Here are three excellent, short presentations of recent Illinois-based research on charter schools, which are proliferating in Chicago because they're the new patronage plum. And also because the mayor and city council's basic underlying thing is that neighborhood schooling doesn't work where there are lots of poor people who look a certain way. In these situations, what you want to do above all else is to make sure the people can't vote for the school board, and then destabilize the neighborhood schools so that there's a general sense of fear and chaos.
Thankfully, people are still looking at actual data and pointing out that truth is still detectable even in the fog of privatization.
Here's Dr. Jean Pierce, of the League of Women Voters, pointing out that mobility, special education, and socioeconomic status are the drivers of academic achievement (as measured by test scores) in Illinois. Charter, traditional neighborhood school---- it doesn't matter. Test scores tell you who you've got, not what you've done. (<--- that's my interpretation and always has been).
Comparing Charters and Traditional Neighborhood Public Schools Outside of Chicago
Her research is especially start when you look at the graphs one on top of another.
And here's Dr. Federico Waitoller, from UIC, who along with Dr. Josh Radinsky have an excellent letter in today's Tribune, which I am loathe to link to. Their research looks into the types of special ed student served in traditional neighborhood schools versus those in charters and finds that what everyone has been saying over the past few years is true. Waitoller is speaking in English and Spanish, which is in itself more than most people shutting down neighborhood schools can do.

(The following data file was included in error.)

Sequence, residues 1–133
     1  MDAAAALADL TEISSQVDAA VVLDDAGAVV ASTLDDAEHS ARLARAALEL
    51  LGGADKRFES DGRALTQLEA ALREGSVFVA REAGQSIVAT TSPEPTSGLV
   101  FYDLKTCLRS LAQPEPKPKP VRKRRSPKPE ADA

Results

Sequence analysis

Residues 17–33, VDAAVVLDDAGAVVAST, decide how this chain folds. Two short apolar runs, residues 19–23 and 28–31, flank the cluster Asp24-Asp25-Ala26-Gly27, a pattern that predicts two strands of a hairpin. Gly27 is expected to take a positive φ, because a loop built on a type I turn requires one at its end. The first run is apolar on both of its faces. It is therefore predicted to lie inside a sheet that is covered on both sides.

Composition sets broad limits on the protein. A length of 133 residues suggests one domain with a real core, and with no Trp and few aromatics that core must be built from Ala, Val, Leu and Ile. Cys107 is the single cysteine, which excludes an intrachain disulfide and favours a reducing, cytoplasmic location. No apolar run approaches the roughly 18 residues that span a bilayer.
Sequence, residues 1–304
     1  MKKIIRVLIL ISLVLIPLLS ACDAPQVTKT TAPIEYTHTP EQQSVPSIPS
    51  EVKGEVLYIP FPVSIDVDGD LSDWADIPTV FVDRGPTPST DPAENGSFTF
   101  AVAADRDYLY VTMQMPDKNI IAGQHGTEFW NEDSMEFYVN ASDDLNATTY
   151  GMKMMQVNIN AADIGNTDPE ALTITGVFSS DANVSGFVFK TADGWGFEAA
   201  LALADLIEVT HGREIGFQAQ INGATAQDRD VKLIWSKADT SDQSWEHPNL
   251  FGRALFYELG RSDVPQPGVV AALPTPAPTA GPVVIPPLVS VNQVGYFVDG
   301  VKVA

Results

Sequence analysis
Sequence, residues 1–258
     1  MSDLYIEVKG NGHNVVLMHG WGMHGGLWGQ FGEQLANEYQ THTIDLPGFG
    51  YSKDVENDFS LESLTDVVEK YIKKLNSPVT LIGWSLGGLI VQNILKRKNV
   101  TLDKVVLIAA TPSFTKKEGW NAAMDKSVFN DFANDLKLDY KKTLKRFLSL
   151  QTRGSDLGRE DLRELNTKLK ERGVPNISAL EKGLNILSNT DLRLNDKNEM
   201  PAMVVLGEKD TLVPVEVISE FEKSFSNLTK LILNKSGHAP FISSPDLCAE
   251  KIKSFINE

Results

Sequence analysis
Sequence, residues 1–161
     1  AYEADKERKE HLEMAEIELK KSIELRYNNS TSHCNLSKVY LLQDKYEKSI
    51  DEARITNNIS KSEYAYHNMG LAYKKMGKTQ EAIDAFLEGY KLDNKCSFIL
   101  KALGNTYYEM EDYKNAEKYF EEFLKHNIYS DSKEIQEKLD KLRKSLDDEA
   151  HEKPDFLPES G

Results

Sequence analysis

Students Receiving Special Education in Charter Schools in Chicago
And here's Dr. Chris Lubienski, of the University of Illinois at Urbana-Champaign, whose research points out among other things, that the actual gains achieved by students in public schools outstrip those achieved by students in independent schools, and he places this finding in the context of the existing research on school achievement and the discussion about charter schools. It's pretty fascinating research that I can say fits my understanding of academic achievement after serving in both private and public schools over a career.
Academic Performance in Charter Schools: The Big Picture
Of course, the idea that there's all of this evidence that contradicts the mayor's course of action and that this fact will have any impact on policy--- well, that's rather a quaint notion these days. The main thing is to keep people disenfranchised. That's the golden ring in all of this. If they can't vote, then all of this research is just confetti.